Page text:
Government Support

Apart from 'Startup India', there is 'Atal Innovation Mission', 'NewGen Innovation and Entrepreneurship Development Centres' and 'Venture Capital Assistance' promoted by the Small Farmers’ Agri-business Consortium- some government initiatives supportive of innovative changes in agriculture.

There are various encouraging avenues to follow under the ‘Agriculture Grand Challenge’ plan of the Ministry of Agriculture and Farmers’ Welfare that is giving incubation backing for frontier technology agri-tech start-ups such as-

  • Fast grading solutions
  • Handling vast quantities of agricultural stocks under eNAM
  • Testing e-soil quickly
  • Engaging food processors with farmers via e-marketplaces
  • Dissemination of farming and food-related information to the last mile

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With a rising population and demand for greater quantity and better quality of ‘food, fibre and feed’, Indian agriculture is getting exceedingly burdened. According to estimates from the Indian Council for Agricultural Research (ICAR), the market pressure for food grains would increase from 192 million tonnes in the year 2000 to 345 million tonnes in 2030. Thus, by the end of this decade, the production of food grains requires to rise at the rate of 5.5 million tonnes yearly.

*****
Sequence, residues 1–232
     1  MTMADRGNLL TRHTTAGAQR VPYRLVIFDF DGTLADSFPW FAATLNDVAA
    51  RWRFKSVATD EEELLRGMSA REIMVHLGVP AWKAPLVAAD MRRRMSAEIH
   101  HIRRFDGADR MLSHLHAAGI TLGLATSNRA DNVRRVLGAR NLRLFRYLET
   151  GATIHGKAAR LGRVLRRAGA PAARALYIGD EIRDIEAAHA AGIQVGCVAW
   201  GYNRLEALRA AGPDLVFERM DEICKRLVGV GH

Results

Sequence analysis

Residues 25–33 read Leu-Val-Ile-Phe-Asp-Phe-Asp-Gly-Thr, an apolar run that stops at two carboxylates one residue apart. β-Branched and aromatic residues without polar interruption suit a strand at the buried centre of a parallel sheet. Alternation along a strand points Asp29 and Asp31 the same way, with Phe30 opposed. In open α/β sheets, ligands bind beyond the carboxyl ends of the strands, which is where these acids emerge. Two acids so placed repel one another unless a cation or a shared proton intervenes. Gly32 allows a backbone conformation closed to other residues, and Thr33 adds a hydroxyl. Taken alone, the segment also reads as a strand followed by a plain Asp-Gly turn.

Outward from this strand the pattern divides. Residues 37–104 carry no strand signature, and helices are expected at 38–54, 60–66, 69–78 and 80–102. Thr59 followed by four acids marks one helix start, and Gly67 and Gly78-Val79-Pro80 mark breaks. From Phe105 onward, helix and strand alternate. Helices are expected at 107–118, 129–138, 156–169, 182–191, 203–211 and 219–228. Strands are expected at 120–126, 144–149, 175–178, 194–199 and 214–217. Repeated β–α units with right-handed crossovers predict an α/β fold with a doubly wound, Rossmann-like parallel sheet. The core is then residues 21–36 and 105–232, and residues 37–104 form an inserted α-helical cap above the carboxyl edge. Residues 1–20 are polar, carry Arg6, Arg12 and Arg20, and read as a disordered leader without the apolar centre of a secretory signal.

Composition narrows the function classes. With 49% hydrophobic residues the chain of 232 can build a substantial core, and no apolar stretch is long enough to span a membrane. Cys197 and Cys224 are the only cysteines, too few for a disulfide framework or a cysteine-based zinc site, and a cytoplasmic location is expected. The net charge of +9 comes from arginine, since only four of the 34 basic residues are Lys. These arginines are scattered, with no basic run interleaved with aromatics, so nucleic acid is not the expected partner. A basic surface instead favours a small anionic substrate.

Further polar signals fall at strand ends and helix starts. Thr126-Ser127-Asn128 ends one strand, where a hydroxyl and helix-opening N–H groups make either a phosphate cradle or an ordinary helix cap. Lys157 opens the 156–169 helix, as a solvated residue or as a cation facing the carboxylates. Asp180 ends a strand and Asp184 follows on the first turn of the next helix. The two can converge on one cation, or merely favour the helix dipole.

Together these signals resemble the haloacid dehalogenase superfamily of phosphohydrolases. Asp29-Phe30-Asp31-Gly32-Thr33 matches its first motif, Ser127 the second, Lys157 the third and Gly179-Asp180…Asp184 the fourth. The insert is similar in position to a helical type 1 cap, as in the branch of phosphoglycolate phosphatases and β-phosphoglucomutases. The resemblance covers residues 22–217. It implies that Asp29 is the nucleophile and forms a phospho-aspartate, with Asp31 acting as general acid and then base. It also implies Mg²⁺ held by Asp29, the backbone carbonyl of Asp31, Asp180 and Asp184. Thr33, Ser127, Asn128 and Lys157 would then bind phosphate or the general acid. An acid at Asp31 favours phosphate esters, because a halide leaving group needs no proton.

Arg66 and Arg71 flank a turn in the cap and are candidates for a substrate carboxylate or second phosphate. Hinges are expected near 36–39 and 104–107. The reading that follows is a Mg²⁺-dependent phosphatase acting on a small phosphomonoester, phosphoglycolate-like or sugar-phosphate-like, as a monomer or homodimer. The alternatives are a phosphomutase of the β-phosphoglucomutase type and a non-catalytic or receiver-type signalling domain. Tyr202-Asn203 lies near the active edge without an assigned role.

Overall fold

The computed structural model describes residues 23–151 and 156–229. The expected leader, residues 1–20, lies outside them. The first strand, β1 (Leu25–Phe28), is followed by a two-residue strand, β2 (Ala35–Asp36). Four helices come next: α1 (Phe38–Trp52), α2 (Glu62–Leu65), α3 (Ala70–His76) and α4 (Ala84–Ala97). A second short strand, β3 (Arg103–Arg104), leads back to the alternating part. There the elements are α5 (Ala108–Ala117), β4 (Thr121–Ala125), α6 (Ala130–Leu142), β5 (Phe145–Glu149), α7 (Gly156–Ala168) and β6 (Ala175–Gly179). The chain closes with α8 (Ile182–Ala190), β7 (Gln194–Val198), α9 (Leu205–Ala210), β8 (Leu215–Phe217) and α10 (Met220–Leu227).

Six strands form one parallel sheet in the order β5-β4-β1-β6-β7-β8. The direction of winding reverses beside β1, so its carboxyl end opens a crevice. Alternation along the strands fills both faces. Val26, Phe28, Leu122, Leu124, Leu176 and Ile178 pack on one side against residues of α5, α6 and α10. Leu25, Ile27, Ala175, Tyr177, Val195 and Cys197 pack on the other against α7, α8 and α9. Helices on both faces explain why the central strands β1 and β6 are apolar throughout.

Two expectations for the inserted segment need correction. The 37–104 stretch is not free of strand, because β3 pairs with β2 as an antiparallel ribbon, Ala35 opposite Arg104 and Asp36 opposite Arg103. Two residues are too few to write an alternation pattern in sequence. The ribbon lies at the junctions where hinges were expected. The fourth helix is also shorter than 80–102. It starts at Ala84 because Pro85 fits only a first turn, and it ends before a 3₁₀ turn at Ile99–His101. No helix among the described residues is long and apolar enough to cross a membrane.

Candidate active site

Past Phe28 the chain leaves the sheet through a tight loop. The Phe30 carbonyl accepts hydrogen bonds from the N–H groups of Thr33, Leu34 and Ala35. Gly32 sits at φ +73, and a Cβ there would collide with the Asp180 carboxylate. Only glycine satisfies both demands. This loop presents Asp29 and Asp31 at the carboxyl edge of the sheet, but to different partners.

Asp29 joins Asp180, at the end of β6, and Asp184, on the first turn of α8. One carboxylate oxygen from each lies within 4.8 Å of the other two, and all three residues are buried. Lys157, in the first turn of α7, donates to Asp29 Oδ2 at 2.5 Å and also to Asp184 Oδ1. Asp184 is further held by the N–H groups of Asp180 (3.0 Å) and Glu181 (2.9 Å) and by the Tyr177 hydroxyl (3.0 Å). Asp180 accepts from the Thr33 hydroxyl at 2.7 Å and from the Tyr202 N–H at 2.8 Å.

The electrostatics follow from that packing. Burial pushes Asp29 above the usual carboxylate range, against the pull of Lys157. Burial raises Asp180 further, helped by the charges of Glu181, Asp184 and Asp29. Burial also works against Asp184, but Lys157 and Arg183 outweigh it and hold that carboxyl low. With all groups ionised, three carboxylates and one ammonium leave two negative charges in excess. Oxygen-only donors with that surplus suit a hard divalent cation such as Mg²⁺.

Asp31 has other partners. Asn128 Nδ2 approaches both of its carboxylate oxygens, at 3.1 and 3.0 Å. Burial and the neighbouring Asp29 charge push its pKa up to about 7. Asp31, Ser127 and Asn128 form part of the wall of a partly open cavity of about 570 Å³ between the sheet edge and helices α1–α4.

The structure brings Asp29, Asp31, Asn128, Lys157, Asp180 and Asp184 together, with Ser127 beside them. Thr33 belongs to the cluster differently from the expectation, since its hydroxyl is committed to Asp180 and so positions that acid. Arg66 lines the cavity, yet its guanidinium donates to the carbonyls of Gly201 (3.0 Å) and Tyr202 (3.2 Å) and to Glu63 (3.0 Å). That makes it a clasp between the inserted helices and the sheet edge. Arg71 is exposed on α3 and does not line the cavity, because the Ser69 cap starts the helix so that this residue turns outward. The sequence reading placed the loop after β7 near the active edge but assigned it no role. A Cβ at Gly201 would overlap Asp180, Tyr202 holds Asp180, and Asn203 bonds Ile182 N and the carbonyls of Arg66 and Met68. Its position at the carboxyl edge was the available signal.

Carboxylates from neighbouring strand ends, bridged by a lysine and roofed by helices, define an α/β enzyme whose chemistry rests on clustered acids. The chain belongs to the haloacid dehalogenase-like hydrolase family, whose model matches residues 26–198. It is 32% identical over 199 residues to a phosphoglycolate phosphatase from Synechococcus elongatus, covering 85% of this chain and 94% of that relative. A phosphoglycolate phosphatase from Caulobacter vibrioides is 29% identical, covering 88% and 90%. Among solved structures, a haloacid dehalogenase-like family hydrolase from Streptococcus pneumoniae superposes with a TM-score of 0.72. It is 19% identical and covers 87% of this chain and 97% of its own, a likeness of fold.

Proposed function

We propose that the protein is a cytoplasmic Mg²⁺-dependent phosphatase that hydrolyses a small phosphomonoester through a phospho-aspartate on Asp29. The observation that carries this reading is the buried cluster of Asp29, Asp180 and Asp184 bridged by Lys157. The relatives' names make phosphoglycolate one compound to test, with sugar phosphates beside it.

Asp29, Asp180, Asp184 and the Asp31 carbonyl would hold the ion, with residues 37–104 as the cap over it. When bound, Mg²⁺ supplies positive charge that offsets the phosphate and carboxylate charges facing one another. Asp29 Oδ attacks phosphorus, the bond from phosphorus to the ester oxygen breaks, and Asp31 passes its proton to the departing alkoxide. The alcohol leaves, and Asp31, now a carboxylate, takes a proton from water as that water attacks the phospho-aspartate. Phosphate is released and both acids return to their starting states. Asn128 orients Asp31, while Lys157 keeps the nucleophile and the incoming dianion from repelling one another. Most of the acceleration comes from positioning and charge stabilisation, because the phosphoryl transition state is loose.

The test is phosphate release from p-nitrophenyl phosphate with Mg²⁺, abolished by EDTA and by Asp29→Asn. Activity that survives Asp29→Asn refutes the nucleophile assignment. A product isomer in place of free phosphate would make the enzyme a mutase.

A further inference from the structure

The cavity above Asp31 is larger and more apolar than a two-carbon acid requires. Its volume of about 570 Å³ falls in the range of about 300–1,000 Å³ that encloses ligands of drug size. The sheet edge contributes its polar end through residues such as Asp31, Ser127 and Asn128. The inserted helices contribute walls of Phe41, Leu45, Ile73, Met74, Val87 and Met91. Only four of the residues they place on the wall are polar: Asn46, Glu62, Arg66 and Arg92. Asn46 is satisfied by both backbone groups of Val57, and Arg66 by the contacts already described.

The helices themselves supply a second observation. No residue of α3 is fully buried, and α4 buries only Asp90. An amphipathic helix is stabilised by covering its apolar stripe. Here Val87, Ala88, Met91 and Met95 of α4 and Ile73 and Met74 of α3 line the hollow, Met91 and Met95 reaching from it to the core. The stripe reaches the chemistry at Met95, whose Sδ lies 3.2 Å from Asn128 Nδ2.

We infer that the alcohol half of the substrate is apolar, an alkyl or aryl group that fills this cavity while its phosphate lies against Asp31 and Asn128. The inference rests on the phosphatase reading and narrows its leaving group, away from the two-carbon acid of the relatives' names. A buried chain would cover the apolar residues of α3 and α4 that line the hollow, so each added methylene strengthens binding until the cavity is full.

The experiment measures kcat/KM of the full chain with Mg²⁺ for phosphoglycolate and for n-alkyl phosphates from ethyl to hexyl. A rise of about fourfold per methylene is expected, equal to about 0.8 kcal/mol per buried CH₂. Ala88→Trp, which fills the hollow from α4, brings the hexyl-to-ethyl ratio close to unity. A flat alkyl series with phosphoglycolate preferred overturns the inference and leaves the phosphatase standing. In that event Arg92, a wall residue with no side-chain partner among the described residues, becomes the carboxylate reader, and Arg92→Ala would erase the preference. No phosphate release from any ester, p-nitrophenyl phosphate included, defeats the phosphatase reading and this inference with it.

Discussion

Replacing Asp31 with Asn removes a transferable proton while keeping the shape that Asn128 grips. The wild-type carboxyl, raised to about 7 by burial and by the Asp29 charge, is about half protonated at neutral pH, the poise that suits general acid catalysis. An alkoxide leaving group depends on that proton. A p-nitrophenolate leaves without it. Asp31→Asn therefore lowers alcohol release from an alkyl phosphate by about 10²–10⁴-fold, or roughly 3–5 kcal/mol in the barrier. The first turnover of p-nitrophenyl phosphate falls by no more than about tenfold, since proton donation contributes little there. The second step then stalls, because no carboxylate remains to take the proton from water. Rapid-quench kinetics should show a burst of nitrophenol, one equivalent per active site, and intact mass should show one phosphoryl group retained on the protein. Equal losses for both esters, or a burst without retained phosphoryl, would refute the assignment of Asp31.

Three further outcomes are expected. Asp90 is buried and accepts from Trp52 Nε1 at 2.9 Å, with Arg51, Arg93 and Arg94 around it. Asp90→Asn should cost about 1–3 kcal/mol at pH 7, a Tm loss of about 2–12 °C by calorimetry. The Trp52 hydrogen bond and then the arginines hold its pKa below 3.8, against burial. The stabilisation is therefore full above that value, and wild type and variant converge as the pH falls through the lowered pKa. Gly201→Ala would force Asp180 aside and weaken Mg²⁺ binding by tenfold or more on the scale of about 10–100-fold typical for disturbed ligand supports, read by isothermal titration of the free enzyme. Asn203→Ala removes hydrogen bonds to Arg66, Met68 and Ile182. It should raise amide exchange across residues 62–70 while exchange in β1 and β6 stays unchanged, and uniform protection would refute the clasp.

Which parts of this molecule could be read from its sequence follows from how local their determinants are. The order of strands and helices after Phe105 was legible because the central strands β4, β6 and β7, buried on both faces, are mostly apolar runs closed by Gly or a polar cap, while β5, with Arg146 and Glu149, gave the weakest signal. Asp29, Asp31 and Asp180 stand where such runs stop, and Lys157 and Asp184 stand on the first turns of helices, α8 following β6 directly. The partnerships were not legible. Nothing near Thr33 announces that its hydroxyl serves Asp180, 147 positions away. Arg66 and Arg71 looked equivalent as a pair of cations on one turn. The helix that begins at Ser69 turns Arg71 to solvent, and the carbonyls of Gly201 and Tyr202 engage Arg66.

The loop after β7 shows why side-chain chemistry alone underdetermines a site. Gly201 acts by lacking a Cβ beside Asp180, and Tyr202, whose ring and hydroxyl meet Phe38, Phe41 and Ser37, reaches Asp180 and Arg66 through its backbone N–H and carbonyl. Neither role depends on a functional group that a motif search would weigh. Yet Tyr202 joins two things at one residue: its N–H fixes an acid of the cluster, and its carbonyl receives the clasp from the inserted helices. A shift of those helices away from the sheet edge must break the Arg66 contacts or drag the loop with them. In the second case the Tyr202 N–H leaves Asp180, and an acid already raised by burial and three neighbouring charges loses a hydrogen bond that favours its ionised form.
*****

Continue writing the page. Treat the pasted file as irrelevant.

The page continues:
The number of agri-tech start-ups has swelled to nearly 1000, which still only accounts for about 1 per cent of the total prospective market opportunity, according to a FICCI–PWC report. India is moving towards becoming the most populous country by the year 2027; it is predicted to be the youngest country, as per age statistics too. Therefore, this demographic dividend must be garnered by agriculture in retaining its stature as the biggest employment generation sector. The agri-tech start-ups bear the talent and promise to increase both employment as well as India's quality food grains production.